complete GDB MI specification

Eli Zaretskii eliz@gnu.org
Tue Dec 7 19:42:00 GMT 2004


> Date: Tue, 7 Dec 2004 21:44:36 +0300
> From: Konstantin Karganov <kostik@ispras.ru>
> CC: gdb@sources.redhat.com
> 
> "Note that the current ``grammar'' in the MI documentation, at least as
> far as I'm concerned, is meant to be an informal introduction of the
> MI syntax, not a rigurous grammar description.

This is known, of course.  Volunteers are welcome to rewrite the MI
documentation more rigorously.  I was happy enough to get my hands on
_any_ documentation, and needed to do non-trivial amounts of work to
bring it to the state where it could be integrated into gdb.texinfo.

> And this is the problem! MI is supposed to be a program-to-program
> interface and thus needs a complete formal description (at least, to be
> sure that all possible output is handled correctly).

I agree, but no one volunteered yet to produce such a formal
description.  (And I'm not sure such a description should be in the
manual, anyway.)

> Looked through several (a lot, actually!) discussions and didn't found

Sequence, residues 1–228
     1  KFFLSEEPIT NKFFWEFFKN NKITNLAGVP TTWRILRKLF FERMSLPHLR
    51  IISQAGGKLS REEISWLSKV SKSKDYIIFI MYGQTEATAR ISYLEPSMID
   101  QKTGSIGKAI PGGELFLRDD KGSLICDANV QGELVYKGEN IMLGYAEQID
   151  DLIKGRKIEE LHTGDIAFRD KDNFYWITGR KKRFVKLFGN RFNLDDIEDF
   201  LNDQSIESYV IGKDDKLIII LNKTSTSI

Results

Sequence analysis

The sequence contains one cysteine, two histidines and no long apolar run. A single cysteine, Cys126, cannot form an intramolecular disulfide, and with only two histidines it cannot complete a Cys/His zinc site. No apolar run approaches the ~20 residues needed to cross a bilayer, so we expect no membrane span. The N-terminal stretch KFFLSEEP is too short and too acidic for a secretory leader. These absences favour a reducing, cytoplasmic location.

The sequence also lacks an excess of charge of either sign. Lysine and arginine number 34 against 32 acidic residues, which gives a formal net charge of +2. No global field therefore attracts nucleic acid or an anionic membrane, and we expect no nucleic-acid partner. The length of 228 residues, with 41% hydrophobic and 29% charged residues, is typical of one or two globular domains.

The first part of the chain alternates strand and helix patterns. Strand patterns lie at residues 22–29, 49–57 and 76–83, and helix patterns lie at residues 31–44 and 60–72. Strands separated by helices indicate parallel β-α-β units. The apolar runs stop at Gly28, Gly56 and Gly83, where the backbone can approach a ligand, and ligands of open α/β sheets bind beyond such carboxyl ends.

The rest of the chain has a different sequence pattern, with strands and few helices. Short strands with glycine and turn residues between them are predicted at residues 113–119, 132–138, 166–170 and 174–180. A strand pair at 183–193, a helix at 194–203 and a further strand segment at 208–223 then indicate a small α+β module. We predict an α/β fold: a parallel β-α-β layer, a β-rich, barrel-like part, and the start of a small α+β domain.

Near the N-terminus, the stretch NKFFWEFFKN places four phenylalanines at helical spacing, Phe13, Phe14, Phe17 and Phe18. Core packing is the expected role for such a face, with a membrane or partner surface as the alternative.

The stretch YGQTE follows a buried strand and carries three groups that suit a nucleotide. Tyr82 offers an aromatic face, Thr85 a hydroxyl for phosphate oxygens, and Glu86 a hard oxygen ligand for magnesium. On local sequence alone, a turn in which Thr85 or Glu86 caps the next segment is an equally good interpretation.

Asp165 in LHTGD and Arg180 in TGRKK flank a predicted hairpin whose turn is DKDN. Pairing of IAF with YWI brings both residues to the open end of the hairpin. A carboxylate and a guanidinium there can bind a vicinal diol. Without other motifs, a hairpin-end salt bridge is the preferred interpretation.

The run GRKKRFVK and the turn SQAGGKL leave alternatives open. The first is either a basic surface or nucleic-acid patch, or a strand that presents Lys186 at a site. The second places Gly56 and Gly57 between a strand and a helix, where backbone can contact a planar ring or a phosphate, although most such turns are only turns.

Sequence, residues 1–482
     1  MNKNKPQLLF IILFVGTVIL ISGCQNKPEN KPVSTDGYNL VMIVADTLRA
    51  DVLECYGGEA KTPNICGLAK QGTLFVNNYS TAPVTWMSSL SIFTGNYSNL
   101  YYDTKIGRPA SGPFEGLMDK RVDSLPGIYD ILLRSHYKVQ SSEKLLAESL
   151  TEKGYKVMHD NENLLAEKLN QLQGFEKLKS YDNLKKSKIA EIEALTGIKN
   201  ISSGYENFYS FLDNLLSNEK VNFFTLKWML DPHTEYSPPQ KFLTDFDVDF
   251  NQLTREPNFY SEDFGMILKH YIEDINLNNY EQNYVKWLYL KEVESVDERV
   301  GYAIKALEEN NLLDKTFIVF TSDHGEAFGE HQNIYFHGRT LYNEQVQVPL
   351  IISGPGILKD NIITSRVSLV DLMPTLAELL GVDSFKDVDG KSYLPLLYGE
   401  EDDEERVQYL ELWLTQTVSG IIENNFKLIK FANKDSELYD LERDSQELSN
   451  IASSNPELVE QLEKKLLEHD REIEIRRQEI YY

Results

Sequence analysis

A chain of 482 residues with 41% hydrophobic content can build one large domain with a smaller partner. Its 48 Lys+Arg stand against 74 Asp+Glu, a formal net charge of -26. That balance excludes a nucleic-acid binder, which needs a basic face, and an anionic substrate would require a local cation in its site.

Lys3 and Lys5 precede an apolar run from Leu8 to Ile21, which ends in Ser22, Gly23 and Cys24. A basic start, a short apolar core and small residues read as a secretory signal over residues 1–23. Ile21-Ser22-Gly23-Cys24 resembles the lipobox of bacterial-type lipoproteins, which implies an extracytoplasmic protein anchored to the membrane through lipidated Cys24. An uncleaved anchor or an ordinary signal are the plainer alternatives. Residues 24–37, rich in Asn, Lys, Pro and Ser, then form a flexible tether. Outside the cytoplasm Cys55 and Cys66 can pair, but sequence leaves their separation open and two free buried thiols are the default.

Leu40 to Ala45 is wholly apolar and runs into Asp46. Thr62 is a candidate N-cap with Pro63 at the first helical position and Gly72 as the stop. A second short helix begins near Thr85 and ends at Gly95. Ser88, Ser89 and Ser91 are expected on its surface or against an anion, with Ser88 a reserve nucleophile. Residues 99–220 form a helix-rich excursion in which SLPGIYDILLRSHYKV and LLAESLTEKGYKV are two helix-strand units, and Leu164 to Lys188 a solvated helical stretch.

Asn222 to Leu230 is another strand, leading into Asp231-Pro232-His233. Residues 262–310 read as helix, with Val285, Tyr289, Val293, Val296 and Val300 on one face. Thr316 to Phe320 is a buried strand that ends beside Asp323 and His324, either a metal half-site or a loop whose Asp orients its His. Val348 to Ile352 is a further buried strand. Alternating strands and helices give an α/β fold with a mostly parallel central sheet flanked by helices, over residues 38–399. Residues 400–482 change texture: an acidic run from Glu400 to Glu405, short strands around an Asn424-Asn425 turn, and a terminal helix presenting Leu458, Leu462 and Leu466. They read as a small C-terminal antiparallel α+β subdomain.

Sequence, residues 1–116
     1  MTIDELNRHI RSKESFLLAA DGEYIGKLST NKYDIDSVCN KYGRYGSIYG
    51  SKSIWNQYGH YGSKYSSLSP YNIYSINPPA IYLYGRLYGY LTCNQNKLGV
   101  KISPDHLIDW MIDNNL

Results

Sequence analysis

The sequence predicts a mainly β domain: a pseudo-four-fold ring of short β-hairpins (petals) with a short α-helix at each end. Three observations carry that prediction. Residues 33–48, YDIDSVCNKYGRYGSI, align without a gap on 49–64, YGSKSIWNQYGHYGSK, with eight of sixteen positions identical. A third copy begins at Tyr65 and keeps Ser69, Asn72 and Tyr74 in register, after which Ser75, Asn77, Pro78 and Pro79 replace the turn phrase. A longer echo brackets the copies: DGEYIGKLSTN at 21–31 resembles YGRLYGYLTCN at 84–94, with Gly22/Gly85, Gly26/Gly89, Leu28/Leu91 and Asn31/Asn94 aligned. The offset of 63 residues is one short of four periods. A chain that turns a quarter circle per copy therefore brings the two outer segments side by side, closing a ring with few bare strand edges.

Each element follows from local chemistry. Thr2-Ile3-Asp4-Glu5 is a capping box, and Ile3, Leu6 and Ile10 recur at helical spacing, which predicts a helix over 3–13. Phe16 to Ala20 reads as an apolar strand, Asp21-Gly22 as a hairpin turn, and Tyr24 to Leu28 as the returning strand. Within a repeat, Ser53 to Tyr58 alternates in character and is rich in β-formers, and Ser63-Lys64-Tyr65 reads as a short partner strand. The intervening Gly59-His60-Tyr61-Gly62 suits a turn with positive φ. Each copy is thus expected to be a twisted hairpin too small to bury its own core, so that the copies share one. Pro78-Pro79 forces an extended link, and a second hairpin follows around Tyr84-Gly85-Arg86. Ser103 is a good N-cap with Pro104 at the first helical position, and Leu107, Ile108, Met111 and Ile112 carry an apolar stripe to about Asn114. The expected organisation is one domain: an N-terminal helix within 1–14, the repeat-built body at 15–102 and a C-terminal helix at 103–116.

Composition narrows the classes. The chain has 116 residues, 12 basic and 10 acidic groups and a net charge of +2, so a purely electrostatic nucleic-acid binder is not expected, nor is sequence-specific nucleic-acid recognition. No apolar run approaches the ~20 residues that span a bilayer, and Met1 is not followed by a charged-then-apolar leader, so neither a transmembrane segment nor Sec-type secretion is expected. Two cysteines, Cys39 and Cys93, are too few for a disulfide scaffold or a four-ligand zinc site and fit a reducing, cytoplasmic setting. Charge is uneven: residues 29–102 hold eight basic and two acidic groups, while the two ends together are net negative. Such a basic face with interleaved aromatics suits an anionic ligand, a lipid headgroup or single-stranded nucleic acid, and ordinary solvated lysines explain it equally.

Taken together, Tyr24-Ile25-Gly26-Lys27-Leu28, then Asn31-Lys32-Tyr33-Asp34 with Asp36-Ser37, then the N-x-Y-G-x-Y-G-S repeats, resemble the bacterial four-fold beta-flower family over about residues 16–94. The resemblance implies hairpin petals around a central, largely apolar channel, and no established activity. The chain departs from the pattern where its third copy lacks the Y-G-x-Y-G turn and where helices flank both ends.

> what I need.

Sorry, I thought a grammar was posted, but perhaps I was mistaken.

> > Please report all such unclear cases, and I will try to fix them.
> Look at the structure of MI description: there are the command syntax
> with explanation and the example of the output. Just an example
> instead of complete output specification. Yes, it fits the general case
> of " var=value (,var=value)* " syntax but the actual semantics and
> possible value pairs are not specified. That is for all commands.

If an example is clear and tells enough to explain what to expect,
then it's fine by me.  If you find incorrect or misleading examples,
please point them out, and please tell what is misleading about them.
I appreciate your comments, but to fix the manual, I need them to be
more specific.

> Anyway, it looks weird if no rigorous specification of MI output
> exist. IMHO it means (if it is) that no one uses MI in real systems
> (except the tests and demo purposes)...

Rest assured that it _is_ used, in real-life systems.



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